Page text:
Let’s take a look at the statistics. While it’s commonly discussed that not all psychopaths and sociopaths are violent, it’s rarely mentioned that violent sociopaths comprise an extremely low percentage of the population.
First, it should be noted that many psychopaths aren’t even criminals. Like autism, psychopathy takes place on a spectrum, with few psychopaths on the extreme end. Recent studies have shown that psychopaths aren’t any more violent than the average person.
Compulsive slackers, liars, and narcissists? Harmless?
Yes, you read that correctly. Some sociopaths and psychopaths, those who tend to fall on the high-functioning end of the spectrum, are actually quite harmless. Although it could be argued that sociopaths who compulsively lie or fail to fulfill their obligations are detriments in their own right, there are definitely those who don’t do any physical harm to anyone at all. These classes fall under that category.
In fact, some traits of psychopaths—like the failure to honor obligations and parasitic lifestyles—aren’t harmful at all (though they may be annoying).
From Facebook and help groups to web pages on prominent sites, we see “narcissism” and “sociopathy” used as if they were almost one and the same or two variations of the same disorder. This is definitely not the case. In fact, most of the time, the two aren’t even diagnosed in tandem.
The most obvious difference between the two is that narcissism is more of an inwardly focused disorder where the person is absolutely obsessed with being the center of attention. Any maliciousness or manipulation is merely a means to become the most important person in the universe. On the other hand, sociopaths consider power and manipulation to be the end in itself.
This distinction is particularly important if we consider how to deal with each. If the narcissist’s fear and paranoia can be solved with a dose of ego-stroking, we might have a shot at stopping their wicked behavior in a relationship or the workplace. For a sociopath, the game is the goal and malevolence is the joy they seek. There really is no refuge to seek once targeted by a psychopath.
Did you know that psychopathy was the first mental illness to actually be called a mental illness? Did you also know that it might not even be a mental illness?
A lot of current literature suggests that psychopathy might not be one all-encompassing monolithic illness. Rather, it could be a mixture of bad behavioral traits that are parts of other mental illnesses and come together to form a certain type of individual.
A further philosophical issue is the idea that psychopathy is an illness based entirely on normative ethics, which means that bad behavior is a mental illness. With most, if not all, mental illnesses, the patients suffer from the disease at some point. For example, the bipolar crashes into the throes of absolute despair after riding the high tidal wave of mania.
But psychopaths and sociopaths are almost invariably content with their illnesses. There are no lucid moments where they own the misery that is their compulsive behavior. They simply deny that anything is wrong with them and go on with life.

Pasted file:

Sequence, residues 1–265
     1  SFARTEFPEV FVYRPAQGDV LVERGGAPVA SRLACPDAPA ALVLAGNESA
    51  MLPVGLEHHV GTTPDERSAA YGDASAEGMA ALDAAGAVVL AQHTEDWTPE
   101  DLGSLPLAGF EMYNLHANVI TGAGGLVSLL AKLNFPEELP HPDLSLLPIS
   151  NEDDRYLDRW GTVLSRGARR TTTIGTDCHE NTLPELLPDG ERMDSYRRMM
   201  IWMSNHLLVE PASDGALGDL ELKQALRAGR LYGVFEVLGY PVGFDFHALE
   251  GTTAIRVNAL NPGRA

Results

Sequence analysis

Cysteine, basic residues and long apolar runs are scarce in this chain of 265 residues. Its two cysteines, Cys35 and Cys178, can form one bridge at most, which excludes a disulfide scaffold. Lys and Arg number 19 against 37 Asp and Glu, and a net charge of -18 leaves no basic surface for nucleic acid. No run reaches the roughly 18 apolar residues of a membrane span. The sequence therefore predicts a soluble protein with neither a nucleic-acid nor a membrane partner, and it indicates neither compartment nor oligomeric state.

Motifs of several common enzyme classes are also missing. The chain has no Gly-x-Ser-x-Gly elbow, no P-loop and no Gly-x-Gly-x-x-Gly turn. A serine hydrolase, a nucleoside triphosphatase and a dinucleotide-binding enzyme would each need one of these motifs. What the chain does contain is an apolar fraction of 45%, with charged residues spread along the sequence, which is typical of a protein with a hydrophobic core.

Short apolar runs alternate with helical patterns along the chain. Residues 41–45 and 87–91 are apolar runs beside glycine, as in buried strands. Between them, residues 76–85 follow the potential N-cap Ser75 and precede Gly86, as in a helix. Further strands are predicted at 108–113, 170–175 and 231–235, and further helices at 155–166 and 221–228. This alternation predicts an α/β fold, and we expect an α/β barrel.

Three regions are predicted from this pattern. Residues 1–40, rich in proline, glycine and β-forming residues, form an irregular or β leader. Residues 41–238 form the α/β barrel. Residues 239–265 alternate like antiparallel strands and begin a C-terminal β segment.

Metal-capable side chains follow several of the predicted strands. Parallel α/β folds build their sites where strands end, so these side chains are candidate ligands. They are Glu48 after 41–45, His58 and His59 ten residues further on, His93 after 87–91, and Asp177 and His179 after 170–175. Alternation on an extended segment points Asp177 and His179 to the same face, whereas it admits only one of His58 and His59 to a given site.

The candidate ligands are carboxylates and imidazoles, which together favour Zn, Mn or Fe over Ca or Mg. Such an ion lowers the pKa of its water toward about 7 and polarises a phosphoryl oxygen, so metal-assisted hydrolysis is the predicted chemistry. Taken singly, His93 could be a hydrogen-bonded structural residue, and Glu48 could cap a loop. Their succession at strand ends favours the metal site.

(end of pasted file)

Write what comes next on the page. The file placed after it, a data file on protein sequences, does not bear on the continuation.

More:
The problem becomes even more complex when we consider that it’s easy to observe behaviors but difficult to observe intentions, where a lack of empathy and disregard for the safety of others resides. How do you know why someone does what he does? Obviously, there are still many unanswered questions about psychopathy.
Just like us, psychopaths know right from wrong. In fact, they may have thought about their ethical systems more than the average person has. Many psychopaths and sociopaths in history have had lengthy ethical systems—from the bizarre world of GG Allin to the ambitious revaluation of values from philosopher Friedrich Nietzsche. More often than not, psychopathic ethics deal with power and human relations.
Furthermore, we’re starting to challenge the old view of a psychopath as a robotic maniac and replace it with the more accurate picture of someone whose mismatch of emotions to reality and inability to connect with others can produce strange results. Some of these individuals might even be considered “good” by common moral standards, such as the risk-addicted, wildcard psychopath who works for the bomb squad.
This is the most common misconception about psychopaths. We tend to see them as robotic people who don’t feel anything or have any negative emotions (that won’t help them to attain their goals). But this isn’t true.
Psychopaths experience sadness, anger, and a wide range of other emotions. In fact, part of the diagnostic criteria for sociopath and antisocial personality disorder is a low threshold toward the discharge of aggression or being prone to violence.
We don’t think of angry outbursts when we see the sociopath on TV calculating and planning. We don’t think they cry or get upset. Often, we don’t think of them as very much like people at all. But just because they present themselves as emotionless outwardly doesn’t necessarily make it true.
As discussed, psychopaths probably experience the normal breadth of emotions, just in different combinations of capacity and amount. They want things like friendship, camaraderie, peace, and love, but they cannot make the connection between their behavior and the lack of results in their lives.
I like to write about horror, history, psychology, and the general dark side of the world and humanity.